GET BIT Investigations Team \ Paul Michel

In the Eye of the Beholder

Did the Witnesses Really See what they Think They Saw?

By Paul Michel, OD, Fellow American Academy of Optometry


Consider this scenario: Your client is facing a long prison term, if convicted of a crime for which there is conflicting evidence. The prosecution is about to present an eyewitness. Eyewitnesses can be highly persuasive. Their manner, their emotional connection to jurors and their belief in their own testimony can sway a jury. But the testimony the court is about to hear may not be valid. Eyewitnesses may be perfectly sincere in what they say, but did they really see what they think they saw?

As a former police investigator with a Doctor of Optometry degree, my first inclination is to ask:" What was this witness capable of seeing under the circumstances?" The same eyewitness can give an accounting that is valid under one set of circumstances, yet, under different environmental circumstances give an accounting that is invalid. To understand this paradox, one must appreciate that they eyes and brain work together to form a visual perception and each has its limitations. Regrettably, the witness testifying before the court is unaware of his/her own limitations but is convinced that they are reporting events as they actually occurred.

Vision is a complex sensory process. The eyes are sensory organs that convert particles of light into nervous impulses. The impulse travels from the eye to the rear of the brain and forms an image. Other parts of the brain integrate the image and give it a label or name. Many factors come together to form a perception. For a valid eyewitness testimony, there must be an aggregate of optimal conditions. These conditions include: sufficient lighting, field of view, line of sight, observation time, alignment on the central retina and elimination of refractive error and disease.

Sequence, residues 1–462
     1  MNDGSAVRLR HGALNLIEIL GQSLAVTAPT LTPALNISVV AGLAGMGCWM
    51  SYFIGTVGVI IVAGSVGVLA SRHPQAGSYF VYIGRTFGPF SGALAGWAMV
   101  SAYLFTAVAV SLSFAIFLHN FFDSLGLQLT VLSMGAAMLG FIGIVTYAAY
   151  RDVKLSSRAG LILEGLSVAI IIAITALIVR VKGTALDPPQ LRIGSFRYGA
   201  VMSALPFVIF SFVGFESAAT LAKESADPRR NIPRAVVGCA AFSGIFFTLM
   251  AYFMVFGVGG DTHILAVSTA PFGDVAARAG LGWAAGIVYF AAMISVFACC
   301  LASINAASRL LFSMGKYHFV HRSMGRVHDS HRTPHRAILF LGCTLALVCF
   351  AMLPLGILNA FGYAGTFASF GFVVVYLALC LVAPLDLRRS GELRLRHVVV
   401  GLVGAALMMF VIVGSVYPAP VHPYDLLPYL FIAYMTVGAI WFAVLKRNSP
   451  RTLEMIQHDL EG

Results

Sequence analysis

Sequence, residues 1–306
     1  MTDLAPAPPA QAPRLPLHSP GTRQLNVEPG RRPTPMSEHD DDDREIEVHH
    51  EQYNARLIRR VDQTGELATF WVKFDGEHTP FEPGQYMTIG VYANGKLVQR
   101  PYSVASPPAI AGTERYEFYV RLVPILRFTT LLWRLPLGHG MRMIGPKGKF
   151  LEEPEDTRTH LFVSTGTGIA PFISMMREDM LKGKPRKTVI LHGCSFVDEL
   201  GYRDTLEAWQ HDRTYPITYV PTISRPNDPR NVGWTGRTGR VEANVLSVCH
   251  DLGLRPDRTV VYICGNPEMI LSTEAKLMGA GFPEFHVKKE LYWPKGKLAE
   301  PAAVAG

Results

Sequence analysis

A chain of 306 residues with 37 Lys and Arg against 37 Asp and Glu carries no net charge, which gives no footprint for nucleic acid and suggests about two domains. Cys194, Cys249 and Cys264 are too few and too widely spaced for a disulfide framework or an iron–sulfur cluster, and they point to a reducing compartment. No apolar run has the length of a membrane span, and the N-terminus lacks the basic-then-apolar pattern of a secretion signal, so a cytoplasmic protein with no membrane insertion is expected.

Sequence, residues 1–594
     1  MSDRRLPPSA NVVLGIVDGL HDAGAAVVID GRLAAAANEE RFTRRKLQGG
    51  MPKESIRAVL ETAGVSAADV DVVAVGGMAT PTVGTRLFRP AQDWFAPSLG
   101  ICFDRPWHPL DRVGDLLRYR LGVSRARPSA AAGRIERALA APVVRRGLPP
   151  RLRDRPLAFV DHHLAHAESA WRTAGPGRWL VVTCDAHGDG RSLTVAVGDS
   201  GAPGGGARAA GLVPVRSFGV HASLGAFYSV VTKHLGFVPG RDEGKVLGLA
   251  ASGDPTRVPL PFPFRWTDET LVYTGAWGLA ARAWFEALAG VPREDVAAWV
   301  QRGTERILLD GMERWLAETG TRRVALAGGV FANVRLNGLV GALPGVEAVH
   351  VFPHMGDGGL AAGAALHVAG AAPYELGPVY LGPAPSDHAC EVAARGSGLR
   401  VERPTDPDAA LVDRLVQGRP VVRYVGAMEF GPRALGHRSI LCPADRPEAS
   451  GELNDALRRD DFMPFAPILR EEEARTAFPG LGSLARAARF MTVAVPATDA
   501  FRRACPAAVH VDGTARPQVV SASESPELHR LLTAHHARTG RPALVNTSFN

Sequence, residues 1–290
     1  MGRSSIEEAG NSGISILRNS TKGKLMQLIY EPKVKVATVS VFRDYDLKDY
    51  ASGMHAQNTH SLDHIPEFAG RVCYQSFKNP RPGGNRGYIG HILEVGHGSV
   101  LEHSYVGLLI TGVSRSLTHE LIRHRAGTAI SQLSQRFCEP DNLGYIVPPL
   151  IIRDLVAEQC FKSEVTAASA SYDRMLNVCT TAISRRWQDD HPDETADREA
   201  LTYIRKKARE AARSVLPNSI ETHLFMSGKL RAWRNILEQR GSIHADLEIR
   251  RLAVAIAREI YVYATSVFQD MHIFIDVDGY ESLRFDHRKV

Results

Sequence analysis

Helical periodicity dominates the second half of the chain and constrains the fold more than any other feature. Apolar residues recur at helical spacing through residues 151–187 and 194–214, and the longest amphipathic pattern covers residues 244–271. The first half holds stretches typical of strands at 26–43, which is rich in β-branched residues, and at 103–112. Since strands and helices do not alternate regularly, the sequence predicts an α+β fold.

Valid eyewitness observations in an otherwise well lighted environment might not be valid if it occurred in a darkened environment. Other factors that might limit the validity of an eyewitness' identification are distance, movement, short observation time, refractive error, disease and emotion. In any visual observation, there are missing bits of information. The brain creates perceptions by filling in missing or ambiguous information with cognition, memory and expectation. The brain takes incomplete images of the outside world and tries to make an orderly and logical perception. For this reason, knowing what the eyes were actually capable of seeing becomes imperative.

Too often, eyewitness testimony is challenged on purely psychological and memory terms without consideration of the physical conditions of visibility. Recently, a Colorado district court acquitted a man of sexual abuse of a minor because it was proven that it was absolutely impossible for the eyewitness to have seen any of the things she had reported. Similarly, a police officer was found innocent of homicide because he was incapable of seeing that the criminal attacking him was not armed with a deadly weapon. The conditions of visibility at any crime scene need to be documented and evaluated by a professional in the field. Just because an eyewitness believes something occurred, does not make it reality; conversely, because the physical evidence does support one scenario does not mean that a witness could not have perceived it contrary to what physical evidence supports.



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